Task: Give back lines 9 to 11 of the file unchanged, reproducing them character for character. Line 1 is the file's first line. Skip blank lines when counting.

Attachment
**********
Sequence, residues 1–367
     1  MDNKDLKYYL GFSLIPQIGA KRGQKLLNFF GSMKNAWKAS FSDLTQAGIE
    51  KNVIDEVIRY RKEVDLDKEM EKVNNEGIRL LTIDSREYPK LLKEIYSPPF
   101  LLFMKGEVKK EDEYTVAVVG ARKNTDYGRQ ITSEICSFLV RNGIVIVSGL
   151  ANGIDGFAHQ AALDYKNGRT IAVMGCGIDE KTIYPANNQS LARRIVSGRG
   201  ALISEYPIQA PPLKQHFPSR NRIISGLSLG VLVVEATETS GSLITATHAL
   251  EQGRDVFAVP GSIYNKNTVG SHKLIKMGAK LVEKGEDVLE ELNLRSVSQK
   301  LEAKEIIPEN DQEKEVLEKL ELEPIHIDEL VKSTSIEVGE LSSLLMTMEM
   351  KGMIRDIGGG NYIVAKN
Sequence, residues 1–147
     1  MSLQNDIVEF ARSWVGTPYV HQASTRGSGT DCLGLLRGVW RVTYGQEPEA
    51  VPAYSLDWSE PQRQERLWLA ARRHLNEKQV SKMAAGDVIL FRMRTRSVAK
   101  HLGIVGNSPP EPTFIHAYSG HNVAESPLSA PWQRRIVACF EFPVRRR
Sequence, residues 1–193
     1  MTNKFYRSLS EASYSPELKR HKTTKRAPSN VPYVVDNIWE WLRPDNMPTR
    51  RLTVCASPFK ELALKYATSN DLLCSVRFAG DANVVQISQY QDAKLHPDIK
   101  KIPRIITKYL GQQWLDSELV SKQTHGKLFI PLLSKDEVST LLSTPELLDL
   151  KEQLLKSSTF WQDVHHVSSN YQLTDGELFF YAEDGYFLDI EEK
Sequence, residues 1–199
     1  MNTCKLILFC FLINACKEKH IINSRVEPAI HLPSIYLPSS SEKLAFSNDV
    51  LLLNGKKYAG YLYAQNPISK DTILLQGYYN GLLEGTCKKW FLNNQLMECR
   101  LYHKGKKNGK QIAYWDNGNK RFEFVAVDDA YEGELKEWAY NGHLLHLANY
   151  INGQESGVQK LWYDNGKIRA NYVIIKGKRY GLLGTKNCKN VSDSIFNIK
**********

   351  KGMIRDIGGG NYIVAKN
Sequence, residues 1–147
     1  MSLQNDIVEF ARSWVGTPYV HQASTRGSGT DCLGLLRGVW RVTYGQEPEA